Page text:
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Unable to utter the taboo word "nigger," students would be paralyzed, the whites by their social awareness of the moral injunction against it and the blacks by their heightened sensitivity to it. Slowly, torturously, the wall of silence would begin to crumble before students' timid attempts to approach the topic with euphemism. Finally, after some tense moments, one courageous adolescent would utter the word. The interracial understanding fostered by this careful, enlightened study of To Kill a Mockingbird can, I think, be achieved with a similar approach to Huckleberry Finn.
It must be understood, on the other hand, that the presence of incompetent, insensitive, or sometimes unwittingly, sometimes purposefully bigoted instructors in the public schools is no illusion. Further, "black students tended to identify more strongly and more positively with other members of their race" as a result of having studied Huckleberry Finn.
For white students, reading the novel "reduce[d] hostile or unfavorable feelings toward members of another race and increase[d] favorable feelings toward members of another race" emphasis added. Students who read the novel under a teacher's guidance showed "Significantly greater positive change" than those students who read the novel on their own. Our data indicate that students who read the novel as part of an instructional unit demonstrated both a deeper sensitivity to the moral and psychological issues central to the novel a number of which deal with issues of race and a more positive attitude on matters calling for racial understanding and acceptance.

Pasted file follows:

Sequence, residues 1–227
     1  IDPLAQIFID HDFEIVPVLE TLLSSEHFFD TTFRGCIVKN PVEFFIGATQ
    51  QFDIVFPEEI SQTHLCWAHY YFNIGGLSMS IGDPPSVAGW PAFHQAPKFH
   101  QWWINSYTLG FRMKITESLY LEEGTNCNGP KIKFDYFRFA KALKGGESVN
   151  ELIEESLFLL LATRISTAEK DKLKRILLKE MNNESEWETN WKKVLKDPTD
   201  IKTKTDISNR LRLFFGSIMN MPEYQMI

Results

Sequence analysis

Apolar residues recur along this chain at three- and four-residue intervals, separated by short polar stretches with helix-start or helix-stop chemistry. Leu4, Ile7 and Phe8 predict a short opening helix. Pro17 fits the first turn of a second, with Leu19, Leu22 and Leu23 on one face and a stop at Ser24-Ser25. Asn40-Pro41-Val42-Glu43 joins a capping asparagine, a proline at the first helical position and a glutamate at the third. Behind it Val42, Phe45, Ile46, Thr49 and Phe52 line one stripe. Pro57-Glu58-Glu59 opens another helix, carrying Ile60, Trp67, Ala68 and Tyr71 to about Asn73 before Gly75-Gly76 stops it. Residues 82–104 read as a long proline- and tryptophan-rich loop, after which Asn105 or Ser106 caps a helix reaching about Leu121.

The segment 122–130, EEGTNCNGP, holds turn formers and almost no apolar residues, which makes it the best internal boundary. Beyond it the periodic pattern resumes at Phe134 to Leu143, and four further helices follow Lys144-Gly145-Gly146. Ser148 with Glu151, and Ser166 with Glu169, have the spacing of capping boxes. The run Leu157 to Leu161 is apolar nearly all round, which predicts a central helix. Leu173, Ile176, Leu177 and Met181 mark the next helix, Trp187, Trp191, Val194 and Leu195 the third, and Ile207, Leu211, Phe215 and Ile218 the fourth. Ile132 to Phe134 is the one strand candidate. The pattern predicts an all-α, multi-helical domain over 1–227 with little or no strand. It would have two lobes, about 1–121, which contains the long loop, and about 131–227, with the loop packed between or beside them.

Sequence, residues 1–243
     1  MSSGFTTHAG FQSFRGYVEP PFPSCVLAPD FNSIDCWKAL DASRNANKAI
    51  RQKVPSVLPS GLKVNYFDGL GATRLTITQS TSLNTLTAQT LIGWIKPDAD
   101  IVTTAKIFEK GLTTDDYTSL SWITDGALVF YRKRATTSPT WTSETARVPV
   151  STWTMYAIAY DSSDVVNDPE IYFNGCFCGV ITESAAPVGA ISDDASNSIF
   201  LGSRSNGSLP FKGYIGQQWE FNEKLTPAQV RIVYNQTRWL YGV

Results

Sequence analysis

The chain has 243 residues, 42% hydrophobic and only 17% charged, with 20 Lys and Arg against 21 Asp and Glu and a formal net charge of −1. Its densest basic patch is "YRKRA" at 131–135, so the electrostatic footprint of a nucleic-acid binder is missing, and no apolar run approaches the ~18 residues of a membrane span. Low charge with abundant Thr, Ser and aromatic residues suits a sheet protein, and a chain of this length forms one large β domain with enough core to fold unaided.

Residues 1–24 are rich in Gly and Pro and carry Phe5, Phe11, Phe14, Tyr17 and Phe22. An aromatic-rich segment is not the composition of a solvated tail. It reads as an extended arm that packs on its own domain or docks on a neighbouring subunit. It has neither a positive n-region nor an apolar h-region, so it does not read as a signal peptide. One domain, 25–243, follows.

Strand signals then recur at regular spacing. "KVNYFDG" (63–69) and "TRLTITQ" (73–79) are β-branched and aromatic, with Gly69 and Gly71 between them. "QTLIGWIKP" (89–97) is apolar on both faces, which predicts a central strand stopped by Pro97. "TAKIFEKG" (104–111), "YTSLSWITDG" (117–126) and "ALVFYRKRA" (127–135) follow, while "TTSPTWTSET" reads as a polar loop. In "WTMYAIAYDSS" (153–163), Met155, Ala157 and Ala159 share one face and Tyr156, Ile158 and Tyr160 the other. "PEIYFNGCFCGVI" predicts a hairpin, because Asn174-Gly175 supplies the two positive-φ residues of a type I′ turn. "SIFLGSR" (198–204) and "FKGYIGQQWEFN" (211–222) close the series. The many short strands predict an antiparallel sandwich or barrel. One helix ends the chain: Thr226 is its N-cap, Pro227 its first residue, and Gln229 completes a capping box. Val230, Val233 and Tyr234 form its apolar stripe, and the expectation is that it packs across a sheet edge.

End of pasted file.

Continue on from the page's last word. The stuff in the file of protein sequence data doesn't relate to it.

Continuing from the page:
These students were also able to interpret the novel with greater literary sophistication than those students who read the novel without instruction. Additionally, these students were significantly more accepting of contacts with Blacks than were the other students involved in the study. Based on these studies completed eleven years apart I and , it appears that in the right circumstances Huckleberry Finn can be taught without perpetuating negative racial attitudes in white students or undermining racial pride in black students.